Rose Cruz smiled when she learned she can continue to rely on the Art Shuttle services now that the city and RTD agreed to fund the program for another year.
“The free bus gives me independence and freedom I wouldn't have otherwise,” she said as she waited at the stop by Walmart. “My husband died about 18 months ago, I don't drive so I had to depend on someone to take me to doctor's appointments and shopping. Then I learned about our free shuttle bus. It is great. I can get groceries, shop a little, visit friends and get to the doctor without depending on anyone to drive me there.”
The route is a 19-stop, three-mile circuit from the light rail station, through central Englewood, to the Swedish/Craig campus area. The return route wends its way through downtown to the light rail station. The shuttle is in operation Monday through Friday from 6:30 a.m. until 6:30 p.m. with a bus scheduled to arrive at each stop about every 15 minutes.
Getenet Dagnew was driving the shuttle on Jan. 24.
“I have been driving the shuttle for about seven months and I like to drive this route,” he said. “Most of the passengers are good people. Just about everyone thanks me for the ride as they get off. I don't think you would hear that so often on a regular bus route.”
Englewood's shuttle bus began operation in September 2004, thanks to a federal grant that covered 80 percent of the cost of the project
When the three-year grant ran out, the city worked out a cost-sharing agreement with RTD so the bus would continue running. The city's share, $60,328 for 2013, is based on a survey to determine the estimated amount that would have been collected if it cost to ride the shuttle. The remainder of the cost of operation and fuel, $278,310, is paid by RTD.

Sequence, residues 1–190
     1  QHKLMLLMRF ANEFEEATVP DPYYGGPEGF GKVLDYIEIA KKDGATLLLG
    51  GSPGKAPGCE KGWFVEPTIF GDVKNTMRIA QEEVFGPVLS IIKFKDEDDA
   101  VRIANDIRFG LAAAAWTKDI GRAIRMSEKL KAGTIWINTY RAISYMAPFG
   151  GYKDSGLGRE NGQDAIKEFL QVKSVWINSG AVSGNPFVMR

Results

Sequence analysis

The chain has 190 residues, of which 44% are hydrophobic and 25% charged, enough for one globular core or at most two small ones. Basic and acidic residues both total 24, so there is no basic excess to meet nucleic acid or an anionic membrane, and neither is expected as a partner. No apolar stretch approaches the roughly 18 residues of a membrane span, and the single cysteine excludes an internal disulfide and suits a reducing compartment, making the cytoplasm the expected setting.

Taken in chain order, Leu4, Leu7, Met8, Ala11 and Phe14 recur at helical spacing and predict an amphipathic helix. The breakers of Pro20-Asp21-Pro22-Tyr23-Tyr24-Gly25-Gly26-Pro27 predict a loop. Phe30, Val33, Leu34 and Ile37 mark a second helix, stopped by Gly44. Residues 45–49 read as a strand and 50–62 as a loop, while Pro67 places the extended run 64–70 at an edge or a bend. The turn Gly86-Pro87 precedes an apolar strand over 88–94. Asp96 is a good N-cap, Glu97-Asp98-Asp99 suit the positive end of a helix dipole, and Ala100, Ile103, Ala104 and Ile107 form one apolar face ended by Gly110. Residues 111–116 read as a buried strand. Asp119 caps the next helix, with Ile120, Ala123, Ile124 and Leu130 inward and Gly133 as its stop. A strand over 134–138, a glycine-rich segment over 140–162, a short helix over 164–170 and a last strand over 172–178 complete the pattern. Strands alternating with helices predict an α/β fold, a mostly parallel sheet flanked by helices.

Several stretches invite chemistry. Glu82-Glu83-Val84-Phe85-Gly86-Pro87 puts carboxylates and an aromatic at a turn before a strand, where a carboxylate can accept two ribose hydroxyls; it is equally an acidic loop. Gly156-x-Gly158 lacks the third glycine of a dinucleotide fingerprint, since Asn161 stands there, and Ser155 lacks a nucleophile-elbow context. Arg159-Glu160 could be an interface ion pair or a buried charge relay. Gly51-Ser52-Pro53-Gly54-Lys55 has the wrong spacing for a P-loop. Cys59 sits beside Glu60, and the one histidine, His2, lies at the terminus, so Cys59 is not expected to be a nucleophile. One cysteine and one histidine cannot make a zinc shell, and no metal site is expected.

Ridership has exceeded expectations from the day the bus began operation. Over the last three years, there has been a steady increase in ridership. In 2010, the average monthly ridership was 14, 255. Last year, more than 190,000 people rode the shuttle, which is an average monthly ridership of 15,852.
Facing a budget crunch in 2011, the city council considered eliminating the shuttle. Residents came to council meetings to urge that the bus continue to operate, and the community stepped forward to help pay the city's share. That year there were donations from Craig Hospital, Swedish Medical Center and residents who lived in Orchard Place, Simon Center and the Meridian.
This year, there were donations from the Englewood Lions and from the Englewood Housing Authority on behalf of Orchard Place and Simon Center. Harold Stitt, community development senior planner, said donations from Art Shuttle supporters are applied to the city's cost for the project and the remainder of the money is taken from the budget.